High Labour Mobility
In EVE Online, it is much easier to “change jobs” than in the real world. You learn skills passively in the background, so all you need to do is buy a new ship, travel a bit, and you can go straight into ratting or mining or exploring. In the real world, changing careers is far more costly. Getting educated in the real world is full time work, so you take a massive income cut while you retrain. Moving in the real world is much more expensive and time consuming. Your old work experience would be mostly irrelevant, so you’d have to climb the career ladder from the bottom again.
Furthermore, players in EVE Online never really have difficulty finding “employment”. Some activities are limited by local availability, such as exploration, mining, and combat anomalies. Other activities, such as mission running and abyssal deadspace, provide infinite secure income. This is completely unlike the real world, where stable, well-paying jobs are scarce, and few people are in a position to give one up.
One major consequence of EVE Online’s high labour mobility is that players don’t have to engage in price competition in the market. For example, if you’re a miner and ore prices are falling, you don’t necessarily have to lower your own prices to compete. You can just as easily quit mining and go do something else. This is not something you can realistically do in the real world, which is why real world prices respond more to supply and demand. The ease of finding income in EVE Online gives players a high degree of economic security, which means you can’t force players to take a pay cut and expect them to keep doing the job. It is up to CCP to design game activities that players want to participate in, or else the players can just disengage at no cost to themselves.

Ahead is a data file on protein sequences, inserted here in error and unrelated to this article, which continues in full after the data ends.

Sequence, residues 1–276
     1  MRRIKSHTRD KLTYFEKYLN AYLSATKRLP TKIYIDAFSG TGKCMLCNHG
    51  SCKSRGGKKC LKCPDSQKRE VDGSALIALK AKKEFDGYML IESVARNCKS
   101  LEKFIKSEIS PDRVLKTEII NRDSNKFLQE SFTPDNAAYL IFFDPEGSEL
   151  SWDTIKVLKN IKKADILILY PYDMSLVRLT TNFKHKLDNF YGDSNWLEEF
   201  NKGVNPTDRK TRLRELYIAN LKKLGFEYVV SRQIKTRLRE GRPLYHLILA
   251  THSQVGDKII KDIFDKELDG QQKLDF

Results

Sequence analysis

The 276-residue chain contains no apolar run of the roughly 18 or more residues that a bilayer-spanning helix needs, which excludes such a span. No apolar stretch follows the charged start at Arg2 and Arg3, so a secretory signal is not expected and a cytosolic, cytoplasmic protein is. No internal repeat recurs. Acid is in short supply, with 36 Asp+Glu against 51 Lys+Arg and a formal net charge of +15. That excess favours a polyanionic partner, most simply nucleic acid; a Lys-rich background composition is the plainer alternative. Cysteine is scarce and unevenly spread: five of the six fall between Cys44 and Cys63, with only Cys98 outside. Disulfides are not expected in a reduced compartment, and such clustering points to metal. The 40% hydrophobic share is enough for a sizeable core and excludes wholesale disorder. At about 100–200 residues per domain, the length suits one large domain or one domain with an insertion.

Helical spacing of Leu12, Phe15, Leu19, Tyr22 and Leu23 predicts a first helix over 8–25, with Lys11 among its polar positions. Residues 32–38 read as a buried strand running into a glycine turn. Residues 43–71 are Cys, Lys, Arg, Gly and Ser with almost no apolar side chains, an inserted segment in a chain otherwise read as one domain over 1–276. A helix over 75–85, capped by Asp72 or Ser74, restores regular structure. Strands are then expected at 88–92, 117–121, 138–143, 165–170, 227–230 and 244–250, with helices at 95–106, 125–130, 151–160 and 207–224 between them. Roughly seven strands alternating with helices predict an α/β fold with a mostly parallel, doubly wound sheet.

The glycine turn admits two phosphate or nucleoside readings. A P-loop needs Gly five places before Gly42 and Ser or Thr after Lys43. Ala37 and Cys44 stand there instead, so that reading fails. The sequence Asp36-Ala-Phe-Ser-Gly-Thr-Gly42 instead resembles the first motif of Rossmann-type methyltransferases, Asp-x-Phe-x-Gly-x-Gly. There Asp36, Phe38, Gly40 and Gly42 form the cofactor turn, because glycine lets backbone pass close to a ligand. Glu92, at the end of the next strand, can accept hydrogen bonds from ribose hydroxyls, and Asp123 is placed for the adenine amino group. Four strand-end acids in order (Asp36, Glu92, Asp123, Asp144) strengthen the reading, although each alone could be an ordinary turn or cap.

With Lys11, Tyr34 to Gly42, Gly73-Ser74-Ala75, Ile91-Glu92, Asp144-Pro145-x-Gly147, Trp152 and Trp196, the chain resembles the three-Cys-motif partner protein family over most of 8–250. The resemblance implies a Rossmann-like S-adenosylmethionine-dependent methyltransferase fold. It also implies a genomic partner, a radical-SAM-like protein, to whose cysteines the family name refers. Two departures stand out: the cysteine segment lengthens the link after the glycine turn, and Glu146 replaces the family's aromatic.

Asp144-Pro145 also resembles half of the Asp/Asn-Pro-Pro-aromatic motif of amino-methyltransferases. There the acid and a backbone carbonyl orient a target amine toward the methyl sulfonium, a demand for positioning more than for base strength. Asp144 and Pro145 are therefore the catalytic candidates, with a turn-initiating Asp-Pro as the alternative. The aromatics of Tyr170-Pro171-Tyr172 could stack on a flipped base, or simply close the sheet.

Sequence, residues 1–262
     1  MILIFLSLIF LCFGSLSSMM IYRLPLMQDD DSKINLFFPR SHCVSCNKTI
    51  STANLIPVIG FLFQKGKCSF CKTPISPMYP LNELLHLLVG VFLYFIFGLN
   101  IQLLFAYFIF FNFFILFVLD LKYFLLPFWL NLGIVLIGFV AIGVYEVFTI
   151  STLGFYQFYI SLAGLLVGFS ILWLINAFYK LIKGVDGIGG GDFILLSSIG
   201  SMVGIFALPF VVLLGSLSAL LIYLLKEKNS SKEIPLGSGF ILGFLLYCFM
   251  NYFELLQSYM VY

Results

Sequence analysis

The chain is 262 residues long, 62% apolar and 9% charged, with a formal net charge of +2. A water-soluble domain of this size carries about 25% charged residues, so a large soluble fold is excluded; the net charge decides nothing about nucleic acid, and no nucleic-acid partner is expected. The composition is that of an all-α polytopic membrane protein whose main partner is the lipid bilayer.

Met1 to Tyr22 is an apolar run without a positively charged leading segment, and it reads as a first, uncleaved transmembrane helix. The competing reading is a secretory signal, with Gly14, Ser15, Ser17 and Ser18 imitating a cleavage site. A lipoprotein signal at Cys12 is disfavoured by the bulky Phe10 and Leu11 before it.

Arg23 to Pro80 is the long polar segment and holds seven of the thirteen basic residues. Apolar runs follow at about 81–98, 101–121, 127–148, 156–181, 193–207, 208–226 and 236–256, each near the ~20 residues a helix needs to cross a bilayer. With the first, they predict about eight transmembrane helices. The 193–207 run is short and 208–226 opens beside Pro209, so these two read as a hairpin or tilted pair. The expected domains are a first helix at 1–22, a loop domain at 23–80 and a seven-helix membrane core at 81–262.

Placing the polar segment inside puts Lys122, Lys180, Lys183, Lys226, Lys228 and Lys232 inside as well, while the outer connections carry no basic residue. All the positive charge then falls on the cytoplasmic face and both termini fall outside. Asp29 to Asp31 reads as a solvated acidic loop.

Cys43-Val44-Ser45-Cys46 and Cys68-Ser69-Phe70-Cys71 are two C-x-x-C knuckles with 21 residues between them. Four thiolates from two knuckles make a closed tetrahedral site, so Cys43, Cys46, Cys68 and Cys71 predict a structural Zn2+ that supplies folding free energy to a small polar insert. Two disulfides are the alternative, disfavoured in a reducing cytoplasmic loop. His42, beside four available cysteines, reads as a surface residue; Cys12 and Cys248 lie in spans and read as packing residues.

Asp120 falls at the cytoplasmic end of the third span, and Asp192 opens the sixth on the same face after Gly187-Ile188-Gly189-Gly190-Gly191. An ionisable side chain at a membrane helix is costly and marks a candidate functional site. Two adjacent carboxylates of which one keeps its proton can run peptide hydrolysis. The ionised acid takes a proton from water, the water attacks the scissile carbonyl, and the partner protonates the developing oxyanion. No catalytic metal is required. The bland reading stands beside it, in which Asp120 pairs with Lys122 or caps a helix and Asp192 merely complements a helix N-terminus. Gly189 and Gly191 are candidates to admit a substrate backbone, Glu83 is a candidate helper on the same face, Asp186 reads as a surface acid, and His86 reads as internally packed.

Recommendations for CCP
Firstly, CCP needs to understand that players can and will respond very quickly to changes in the game, especially the veteran players who have a lot of skill points and isk. If you make a change to the game and nothing seems to happen in the economy, it’s probably because that change wasn’t well-designed, or else the players have adapted in a way that wasn’t obvious.
More broadly, the philosophical question is: what degree of labour mobility is the most fun for players? The game is less frustrating if players are free to do what they like, but making the game too frictionless reduces the sense of progress that a player feels. One option for reducing labour mobility is an accumulating proficiency bonus for time spent on a particular activity, which decays over time. This will make it temporarily costly for players to change activities, making the decision to do so more consequential.
Recommendations for Players
The way for players to maximize their own labour mobility is to skill into multiple high-income activities, and keep the requisite ships in nearby stations ready to go. Having multiple income activity choices protects the player against any changes to the game that might negatively impact any one form of income activity, and it also allows the player to more rapidly respond to any new opportunities for income. For newer players who don’t yet have enough skill points to master multiple income activities, the best activity to skill into first would be the benchmark ISK printing activity.